Handiwork of a 19th century eccentric

IT mightn’t be a complete folly to follow in the footsteps of 19th century eccentric Johnny Roche — the man who built this River Awbeg tower, called Castle Curious, in the 1840s, just after the Famine.

The three-storey castle is a robust, but achievable, challenge for someone with time on their hands.

Built by hand (and said to be a one-man construction) by the Wallstown, Castletownroche north Cork native Roche on his return from America, he sourced sand from the River Awbeg, lime from Mallow and stone from the locale.

Reports of his deeds and derrings-do say he used to climb to the 45’ high top of the southern turret to blow his horn, literally and metaphorically, and his other achievements include building a mill for flannel, tailoring his own clothes, down to making the buttons, sculpture, making and fixing fiddles and musical pipes, as well as considerable prowess in blacksmithing along with a handy level of success in dentistry: another reported skill was manufacturing false teeth from cow’s hooves.

He is said to have built Castle Curious virtually single handedly, and it is a detached three-bay, three-level limestone tower on a rectangular plan.

Features include bowed turrets to the north-east, crenellations and limestone eaves courses, square-headed window openings and roughly dressed limestone lintels and sills, and the original entry point was via a bridge.

Standing on an acre now, with the River Awbeg flowing by, it is being sold by another hardy individual, engineer Peter Haughton, who has a number of house renovations under his belt, including Georgian terraces and a Martello tower.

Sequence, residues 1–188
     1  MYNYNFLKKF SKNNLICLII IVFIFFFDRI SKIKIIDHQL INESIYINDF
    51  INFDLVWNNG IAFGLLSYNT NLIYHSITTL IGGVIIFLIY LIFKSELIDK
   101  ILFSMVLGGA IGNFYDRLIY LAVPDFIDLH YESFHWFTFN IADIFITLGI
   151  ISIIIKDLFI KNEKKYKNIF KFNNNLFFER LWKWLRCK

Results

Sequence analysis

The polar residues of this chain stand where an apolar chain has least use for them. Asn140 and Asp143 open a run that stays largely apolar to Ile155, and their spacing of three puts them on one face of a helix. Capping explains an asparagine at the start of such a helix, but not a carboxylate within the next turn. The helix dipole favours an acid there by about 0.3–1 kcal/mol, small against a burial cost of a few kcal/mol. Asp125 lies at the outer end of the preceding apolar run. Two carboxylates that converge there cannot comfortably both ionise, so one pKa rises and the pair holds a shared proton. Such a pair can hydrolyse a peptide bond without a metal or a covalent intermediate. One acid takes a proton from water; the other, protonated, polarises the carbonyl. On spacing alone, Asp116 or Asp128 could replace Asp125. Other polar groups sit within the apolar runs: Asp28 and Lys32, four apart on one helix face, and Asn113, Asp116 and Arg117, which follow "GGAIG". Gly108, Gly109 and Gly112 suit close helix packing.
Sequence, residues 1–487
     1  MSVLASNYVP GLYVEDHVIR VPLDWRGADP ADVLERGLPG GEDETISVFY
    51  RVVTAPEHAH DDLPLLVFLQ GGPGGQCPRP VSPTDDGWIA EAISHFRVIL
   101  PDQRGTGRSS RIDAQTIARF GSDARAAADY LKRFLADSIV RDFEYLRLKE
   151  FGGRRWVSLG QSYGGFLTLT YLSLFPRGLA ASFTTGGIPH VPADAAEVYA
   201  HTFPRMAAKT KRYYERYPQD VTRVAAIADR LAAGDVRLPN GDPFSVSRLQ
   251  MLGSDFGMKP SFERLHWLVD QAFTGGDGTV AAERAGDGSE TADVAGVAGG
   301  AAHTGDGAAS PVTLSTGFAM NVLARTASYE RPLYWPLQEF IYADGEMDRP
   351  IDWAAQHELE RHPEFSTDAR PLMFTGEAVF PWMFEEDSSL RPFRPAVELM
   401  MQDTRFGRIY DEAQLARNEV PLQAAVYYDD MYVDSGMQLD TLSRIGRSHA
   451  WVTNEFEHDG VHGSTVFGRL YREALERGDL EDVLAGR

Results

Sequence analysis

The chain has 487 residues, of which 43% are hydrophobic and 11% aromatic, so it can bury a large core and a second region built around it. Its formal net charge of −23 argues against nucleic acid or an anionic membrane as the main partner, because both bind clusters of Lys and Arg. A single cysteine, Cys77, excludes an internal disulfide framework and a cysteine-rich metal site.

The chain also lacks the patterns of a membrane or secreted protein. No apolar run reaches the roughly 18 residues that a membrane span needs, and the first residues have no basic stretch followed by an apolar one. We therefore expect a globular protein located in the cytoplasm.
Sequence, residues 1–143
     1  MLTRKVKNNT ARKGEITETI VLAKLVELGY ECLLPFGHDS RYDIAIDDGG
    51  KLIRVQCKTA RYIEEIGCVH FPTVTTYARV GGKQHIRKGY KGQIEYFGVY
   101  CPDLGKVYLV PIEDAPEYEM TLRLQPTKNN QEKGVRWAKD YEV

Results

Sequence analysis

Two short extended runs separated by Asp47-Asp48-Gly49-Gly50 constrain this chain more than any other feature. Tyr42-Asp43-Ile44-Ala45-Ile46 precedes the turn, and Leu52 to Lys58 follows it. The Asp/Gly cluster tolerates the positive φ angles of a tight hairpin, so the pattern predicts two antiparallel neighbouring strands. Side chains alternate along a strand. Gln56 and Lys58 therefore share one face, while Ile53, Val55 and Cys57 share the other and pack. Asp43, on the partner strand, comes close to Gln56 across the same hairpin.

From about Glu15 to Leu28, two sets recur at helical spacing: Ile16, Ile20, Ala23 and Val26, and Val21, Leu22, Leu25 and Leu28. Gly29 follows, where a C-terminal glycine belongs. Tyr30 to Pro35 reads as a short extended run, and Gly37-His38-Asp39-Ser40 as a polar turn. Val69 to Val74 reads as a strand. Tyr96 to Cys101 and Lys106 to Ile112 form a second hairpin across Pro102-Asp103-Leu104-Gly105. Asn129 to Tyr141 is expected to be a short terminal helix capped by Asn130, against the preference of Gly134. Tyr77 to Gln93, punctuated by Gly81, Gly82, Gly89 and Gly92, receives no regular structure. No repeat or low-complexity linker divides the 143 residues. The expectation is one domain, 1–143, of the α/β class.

He has made out a plan for it, and any work done (it needs a roof, first and foremost) will attract conservation heritage grants as it is a listed site.

Joint selling agents are Keane Mahony Smith and Sheehy Brothers in Kinsale, the other end of County Cork, and price guide for this novel task is €160,000.

As for its builder, Johnny Roche fashioned his own resting place, a tomb in the adjoining Awbeg, but when he died in 1884 he was not buried there having penned (of course) his own epitaph:- ‘Here lies the body of poor John Roche, he had his faults but don’t reproach; For when alive his heart was mellow, An artist, genius and comic fellow.’

‘Tis said the ‘Coroner’ Byrne killed off the river tomb plan with the advice to Johnny: “Go, rest thy bones in Mother Earth and don’t pollute the river.”


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